it easy to do good needleturn. I have not tried it, but it sounds easier than back basting. HelenW
ScreenShot2020-02-08at5.13.42AM.png
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Month 1, Part 2–The Applique Blocks 07 Feb 2020 07:08 #147008

  • HelenW
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Judy, Sorry to hear you are struggling. Take the time to find sources that have you tubes on the parts of the process that you are struggling with. What type of
glue stick are you using? I use both Elmers school washable sticks and Fons and Porter glue sticks. The Elmers is a lot cheaper and I use on areas that are not
sharp curves or points. For the fiddly stuff I use the Fons and Porter because of small size is easier to control. Are you putting the glue on the fabric seam , on the stabilizer
or both? I usually just put it on the seam allowance. I learned a lot from Kathy McNeil about gluing. You might google her name and you tubes to watch how she does
it. Another person's you tubes to watch is Pearl Pierera from 3P Designs. She does the turned edge with starch but the process is much like glue. She is just
using a paint brush to put starch on the seams where we are putting the glue. As you get better and become happy with a process that works for you,
you might even decide to redo a few of the first ones. You can always swap them out later if in the end you think they detract from the final quilt. Keep us posted
on your progress. HelenW
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Month 1, Part 2–The Applique Blocks 06 Feb 2020 13:25 #147006

Judy, use a very light touch with glue, not big amounts, tiny bits.

Only you can decide how perfect your blocks have to be to make you happy. Each method has advantages and disadvantages. I think it is good to try a variety of methods to learn your favorite. And some designs are better with one method over another. The symmetrical paper-cut style blocks are more fiddly then the blocks with larger shapes/pieces.

Try to enjoy the learning curve, you'll get there.

bbquiltmaker.blogspot.com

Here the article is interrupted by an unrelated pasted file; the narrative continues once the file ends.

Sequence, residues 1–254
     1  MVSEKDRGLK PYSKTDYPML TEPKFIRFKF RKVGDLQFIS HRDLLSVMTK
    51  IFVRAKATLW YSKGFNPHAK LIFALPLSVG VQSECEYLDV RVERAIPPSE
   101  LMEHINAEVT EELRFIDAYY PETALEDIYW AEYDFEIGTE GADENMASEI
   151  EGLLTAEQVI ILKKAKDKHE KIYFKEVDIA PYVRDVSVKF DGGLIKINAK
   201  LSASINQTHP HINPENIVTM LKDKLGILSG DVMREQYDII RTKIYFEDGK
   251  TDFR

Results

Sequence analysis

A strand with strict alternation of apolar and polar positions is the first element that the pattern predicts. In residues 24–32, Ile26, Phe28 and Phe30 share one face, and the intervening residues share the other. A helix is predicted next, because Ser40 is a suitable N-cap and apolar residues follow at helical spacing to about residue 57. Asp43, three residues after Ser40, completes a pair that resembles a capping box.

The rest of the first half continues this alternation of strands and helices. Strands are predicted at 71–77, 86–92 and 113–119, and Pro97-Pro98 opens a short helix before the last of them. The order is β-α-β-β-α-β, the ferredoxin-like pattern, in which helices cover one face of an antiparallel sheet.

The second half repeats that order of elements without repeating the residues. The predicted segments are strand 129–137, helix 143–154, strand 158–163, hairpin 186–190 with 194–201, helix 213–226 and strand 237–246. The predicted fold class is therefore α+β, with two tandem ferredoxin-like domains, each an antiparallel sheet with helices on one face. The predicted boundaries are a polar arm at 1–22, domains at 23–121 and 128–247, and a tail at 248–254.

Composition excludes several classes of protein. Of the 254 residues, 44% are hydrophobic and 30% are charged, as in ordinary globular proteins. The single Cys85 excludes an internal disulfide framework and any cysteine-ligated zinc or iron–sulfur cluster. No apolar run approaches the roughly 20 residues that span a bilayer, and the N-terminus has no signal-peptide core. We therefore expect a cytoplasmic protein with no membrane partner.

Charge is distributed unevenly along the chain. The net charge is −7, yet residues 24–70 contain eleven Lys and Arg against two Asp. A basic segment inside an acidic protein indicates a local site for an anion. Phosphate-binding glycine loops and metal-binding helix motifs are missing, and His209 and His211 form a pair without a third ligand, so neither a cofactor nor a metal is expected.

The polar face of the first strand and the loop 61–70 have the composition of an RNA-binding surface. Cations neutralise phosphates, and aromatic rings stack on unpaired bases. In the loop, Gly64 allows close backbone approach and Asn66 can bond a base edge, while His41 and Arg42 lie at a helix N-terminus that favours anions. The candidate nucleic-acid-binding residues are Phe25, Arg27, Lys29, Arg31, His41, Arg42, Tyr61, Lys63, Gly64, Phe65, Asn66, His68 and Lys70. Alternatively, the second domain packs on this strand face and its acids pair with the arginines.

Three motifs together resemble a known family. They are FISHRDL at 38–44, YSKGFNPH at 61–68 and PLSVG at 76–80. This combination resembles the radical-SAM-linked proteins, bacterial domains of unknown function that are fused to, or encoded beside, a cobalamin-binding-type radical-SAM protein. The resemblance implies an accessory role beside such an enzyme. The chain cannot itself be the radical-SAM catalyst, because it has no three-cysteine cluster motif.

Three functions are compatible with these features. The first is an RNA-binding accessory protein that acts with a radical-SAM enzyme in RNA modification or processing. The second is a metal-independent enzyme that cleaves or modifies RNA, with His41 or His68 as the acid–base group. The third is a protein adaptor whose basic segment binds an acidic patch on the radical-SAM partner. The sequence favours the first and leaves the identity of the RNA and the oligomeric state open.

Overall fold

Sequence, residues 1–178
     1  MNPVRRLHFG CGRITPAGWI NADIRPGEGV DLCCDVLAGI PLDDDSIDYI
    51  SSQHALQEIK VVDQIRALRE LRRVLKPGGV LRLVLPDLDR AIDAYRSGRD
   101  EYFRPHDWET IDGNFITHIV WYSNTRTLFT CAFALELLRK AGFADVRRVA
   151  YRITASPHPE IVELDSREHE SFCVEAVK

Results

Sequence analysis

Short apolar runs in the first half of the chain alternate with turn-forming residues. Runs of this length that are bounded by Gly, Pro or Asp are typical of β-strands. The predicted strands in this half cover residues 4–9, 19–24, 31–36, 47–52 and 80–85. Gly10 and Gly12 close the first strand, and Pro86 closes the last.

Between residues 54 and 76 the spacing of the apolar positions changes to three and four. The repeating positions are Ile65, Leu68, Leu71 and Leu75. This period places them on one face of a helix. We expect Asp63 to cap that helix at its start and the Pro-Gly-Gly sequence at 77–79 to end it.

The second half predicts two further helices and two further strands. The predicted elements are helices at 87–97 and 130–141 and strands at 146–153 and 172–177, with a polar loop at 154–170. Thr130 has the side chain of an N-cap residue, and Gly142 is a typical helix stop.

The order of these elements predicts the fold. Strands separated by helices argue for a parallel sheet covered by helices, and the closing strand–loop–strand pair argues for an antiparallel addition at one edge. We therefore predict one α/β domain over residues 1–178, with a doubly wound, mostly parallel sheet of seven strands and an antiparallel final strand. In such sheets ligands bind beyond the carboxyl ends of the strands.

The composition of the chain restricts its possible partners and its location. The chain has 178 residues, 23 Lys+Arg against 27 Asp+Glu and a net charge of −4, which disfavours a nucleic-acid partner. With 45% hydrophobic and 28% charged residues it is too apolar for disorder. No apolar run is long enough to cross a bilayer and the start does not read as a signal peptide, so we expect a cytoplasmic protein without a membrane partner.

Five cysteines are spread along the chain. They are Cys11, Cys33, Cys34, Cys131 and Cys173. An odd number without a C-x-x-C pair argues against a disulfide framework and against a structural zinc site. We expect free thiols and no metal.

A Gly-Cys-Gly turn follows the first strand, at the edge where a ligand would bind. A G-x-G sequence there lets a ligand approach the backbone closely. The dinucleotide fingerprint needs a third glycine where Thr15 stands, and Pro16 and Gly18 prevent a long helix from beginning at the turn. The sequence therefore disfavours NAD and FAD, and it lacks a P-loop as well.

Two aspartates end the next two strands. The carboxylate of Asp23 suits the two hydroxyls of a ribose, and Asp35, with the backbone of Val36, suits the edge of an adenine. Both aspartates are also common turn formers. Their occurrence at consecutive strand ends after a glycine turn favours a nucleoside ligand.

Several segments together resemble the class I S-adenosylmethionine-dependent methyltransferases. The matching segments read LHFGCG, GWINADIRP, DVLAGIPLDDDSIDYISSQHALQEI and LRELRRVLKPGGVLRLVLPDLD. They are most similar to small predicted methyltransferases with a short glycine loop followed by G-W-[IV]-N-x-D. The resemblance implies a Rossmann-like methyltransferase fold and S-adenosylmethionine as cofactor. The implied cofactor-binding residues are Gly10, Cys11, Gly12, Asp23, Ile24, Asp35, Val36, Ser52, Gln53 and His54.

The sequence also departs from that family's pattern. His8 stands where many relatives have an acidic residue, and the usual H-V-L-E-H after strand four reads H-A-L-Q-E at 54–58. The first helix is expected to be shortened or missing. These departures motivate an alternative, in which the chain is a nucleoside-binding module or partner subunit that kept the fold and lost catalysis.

North Alabama, USA
"I am a part of all that I have met" A. Lord Tennyson
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Month 1, Part 2–The Applique Blocks 06 Feb 2020 11:43 #147005

  • JudithA
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I am struggling.
I prewashed my fabrics with Synthrapol and made sure they would not run. So I got off to a slower start.
For my first block, I tried the Appliquick with glue stick and had problems with thick globs of glue at the points, which frayed badly in trying to get them turned exactly on the lines at the points. It dried with hard lumpy points.
I put that block aside and started over and tried back-basting applique on the second block. This is not going well. I like the back-basting technique, but I think these mirror-image papercut appliques with sharp points and narrow curves are not the best for beginning back-basting. You have to get everything right on the lines for it to look right. I think it would be better to learn back-basting with more natural shaped applique... like flowers.

So now I have to decide between two options:
(1) Keep going and accept "not perfect" blocks, hoping that by the time I am finished with the 39 applique blocks in this quilt, I should be a lot better at back-basting applique. This will take longer.
(2) Start over, choosing an applique method I am already experianced with. This will be quicker.

Judy
Last Edit: 06 Feb 2020 11:52 by JudithA.
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Month 1, Part 2–The Applique Blocks 06 Feb 2020 10:55 #147004

  • JudithA
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Sandy,
I admire your determination!

Judy
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Month 1, Part 2–The Applique Blocks 06 Feb 2020 08:57 #147001

  • sandytn
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Ivanderb - I haven't hand stitched the one I prepared last night with Apliquick and Glue and I'm concerned that the glue will make the fabric edge stiff and hard to hand stitch. That's why I only prepared 1 with glue to see how I like stitching it. My first attempt with Appliquick tools my glue stick was dried up, so yesterday (in pouring rain) I stopped at CVS to get a new glue stick. They did not have any. I then went to Big Lots, the did not have any. Went to Walgreens and got a glue stick. Got home and Amazon had delivered glue stick I ordered day before. I am going to try the freezer paper on one of the designs that have the same pattern used multiple times.
Last Edit: 06 Feb 2020 08:57 by sandytn.
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Month 1, Part 2–The Applique Blocks 06 Feb 2020 07:44 #147000

  • lvanderb
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sandytn - Good to know! I did do a little soak, whereupon my lovely red applique bled, so, the block got a much longer soapy soak - no more bleeding, yay! but definitely still stiff. I've decided to embrace the stiffness and be ok with it! The stiffness does make the hand stitching more challenging, so I might try freezer paper applique for month 2 to see if it's any faster etc.

Linda
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Month 1, Part 2–The Applique Blocks 06 Feb 2020 05:29 #146999

  • sandytn
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Ivanderb - I haven't washed my block but I don't mind the applique being a little stiff. I prepared my second block last night using the Apliquick tools and glue stick but I haven't started stitching to block yet. It's my first time using the Apliquick tools and I think I'm going to like this method.